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A Deadly Scam?

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The investigation into the murder of crooked businessman Andrew Kissel, found bound and stabbed to death in his Greenwich, Conn., mansion on April 3, has intensified. Police have been grilling Carlos Trujillo, 47, who worked as Kissel’s personal assistant for several years. According to Trujillo’s lawyer Lindy Urso, cops have told Trujillo that they believe he hired a hit man to kill Kissel—at Kissel’s request. The presumed motive: Kissel, who was facing a long prison sentence for financial fraud, wanted his two young children to inherit the money from his life insurance policy, which may have been worth as much as $15 million. “The tone became very accusatory,” says Urso of one interrogation session. “They were saying, ‘We know you were involved in this.'”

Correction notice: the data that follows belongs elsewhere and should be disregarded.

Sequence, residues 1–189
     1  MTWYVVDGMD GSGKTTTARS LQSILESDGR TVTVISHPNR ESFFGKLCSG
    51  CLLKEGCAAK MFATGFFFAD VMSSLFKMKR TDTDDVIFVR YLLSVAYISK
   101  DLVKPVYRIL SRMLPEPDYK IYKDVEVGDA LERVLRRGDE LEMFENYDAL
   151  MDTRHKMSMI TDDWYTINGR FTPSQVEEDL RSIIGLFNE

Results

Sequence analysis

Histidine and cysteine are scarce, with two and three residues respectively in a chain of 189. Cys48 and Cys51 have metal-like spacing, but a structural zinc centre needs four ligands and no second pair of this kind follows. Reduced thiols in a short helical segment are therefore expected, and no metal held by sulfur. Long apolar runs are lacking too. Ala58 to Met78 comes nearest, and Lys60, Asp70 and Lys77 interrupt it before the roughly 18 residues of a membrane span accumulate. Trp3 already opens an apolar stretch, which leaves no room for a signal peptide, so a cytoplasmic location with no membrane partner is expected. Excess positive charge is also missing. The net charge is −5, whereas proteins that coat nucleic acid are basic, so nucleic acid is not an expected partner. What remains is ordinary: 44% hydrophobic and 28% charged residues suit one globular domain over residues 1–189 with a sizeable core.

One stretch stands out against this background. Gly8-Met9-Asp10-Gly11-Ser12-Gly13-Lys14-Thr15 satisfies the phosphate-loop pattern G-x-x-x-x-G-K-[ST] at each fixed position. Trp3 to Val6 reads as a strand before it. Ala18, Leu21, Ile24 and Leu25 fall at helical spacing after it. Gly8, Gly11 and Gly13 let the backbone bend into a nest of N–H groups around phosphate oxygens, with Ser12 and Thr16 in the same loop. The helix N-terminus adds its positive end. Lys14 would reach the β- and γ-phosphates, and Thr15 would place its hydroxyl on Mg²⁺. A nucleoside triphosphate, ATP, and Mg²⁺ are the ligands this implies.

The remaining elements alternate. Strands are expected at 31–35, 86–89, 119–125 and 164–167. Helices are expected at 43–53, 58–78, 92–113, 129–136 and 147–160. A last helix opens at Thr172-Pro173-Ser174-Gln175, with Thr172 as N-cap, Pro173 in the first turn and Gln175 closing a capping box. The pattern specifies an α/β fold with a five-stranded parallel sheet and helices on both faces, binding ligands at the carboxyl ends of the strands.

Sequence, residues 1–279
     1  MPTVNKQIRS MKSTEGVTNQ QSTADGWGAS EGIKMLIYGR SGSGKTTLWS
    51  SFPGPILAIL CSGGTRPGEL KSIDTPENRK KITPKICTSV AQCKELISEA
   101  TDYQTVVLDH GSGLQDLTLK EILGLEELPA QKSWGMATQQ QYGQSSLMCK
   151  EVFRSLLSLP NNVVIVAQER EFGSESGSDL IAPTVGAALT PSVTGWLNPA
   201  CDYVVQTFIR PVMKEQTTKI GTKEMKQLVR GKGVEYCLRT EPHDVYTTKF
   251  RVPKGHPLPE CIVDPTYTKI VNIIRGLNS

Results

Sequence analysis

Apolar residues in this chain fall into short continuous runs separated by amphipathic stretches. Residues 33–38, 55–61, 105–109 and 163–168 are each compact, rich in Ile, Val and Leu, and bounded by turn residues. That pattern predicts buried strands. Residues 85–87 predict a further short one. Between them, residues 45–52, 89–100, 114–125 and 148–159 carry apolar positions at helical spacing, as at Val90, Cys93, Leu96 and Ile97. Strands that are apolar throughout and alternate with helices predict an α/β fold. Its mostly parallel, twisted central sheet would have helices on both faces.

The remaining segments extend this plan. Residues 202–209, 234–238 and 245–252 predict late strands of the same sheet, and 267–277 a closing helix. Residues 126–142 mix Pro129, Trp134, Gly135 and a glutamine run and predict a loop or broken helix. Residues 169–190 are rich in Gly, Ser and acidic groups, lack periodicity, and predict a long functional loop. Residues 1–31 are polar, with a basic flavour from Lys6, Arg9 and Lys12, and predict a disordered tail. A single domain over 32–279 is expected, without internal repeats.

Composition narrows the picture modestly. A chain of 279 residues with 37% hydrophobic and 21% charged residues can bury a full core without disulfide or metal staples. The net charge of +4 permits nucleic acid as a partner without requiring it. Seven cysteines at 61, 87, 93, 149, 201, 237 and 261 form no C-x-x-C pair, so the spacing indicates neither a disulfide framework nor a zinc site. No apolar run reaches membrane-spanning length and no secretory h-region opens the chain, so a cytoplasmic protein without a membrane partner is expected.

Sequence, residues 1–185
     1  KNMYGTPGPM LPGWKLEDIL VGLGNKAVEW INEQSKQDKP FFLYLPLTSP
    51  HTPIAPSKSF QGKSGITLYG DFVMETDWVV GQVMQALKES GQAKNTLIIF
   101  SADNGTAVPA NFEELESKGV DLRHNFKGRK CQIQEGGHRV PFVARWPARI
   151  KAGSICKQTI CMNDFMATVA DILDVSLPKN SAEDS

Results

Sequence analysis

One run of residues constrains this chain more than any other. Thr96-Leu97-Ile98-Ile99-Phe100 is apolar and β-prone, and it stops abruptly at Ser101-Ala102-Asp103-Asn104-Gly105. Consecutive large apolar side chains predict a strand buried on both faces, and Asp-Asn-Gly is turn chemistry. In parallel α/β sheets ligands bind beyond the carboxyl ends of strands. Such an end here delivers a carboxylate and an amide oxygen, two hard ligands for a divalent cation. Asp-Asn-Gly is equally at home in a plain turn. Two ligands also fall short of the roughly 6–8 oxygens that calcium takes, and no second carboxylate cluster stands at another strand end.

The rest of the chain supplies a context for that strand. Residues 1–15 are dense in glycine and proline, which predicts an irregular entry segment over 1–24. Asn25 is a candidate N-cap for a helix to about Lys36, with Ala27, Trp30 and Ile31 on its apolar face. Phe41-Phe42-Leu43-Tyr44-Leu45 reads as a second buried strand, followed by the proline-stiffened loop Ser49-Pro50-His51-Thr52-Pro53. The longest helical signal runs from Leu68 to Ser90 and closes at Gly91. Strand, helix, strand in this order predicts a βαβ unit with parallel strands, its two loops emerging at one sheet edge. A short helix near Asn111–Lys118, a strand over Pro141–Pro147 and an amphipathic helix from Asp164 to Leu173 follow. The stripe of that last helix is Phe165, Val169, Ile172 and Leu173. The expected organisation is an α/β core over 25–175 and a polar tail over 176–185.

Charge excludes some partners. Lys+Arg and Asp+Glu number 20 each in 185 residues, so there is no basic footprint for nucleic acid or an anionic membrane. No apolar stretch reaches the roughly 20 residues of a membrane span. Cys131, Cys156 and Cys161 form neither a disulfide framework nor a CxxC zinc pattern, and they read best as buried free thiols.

Trujillo has said he “totally did not kill” Kissel, and he submitted to a lie-detector test. Meanwhile, an e-mail from Kissel’s estranged wife, Hayley, cropped up, in which she said she hated Andrew, whom she was divorcing, so much that she could see herself “pummeling him to death and just enjoying the sensation of each and every shot.” Hayley’s attorney Nathan Dershowitz calls the missive an example of “a spouse venting.” As for the suicide-by-hit-man theory, Dershowitz says Hayley doesn’t discount it at all. “Andrew was a strange person in some respects,” says Dershowitz, “and had some strange acquaintances.”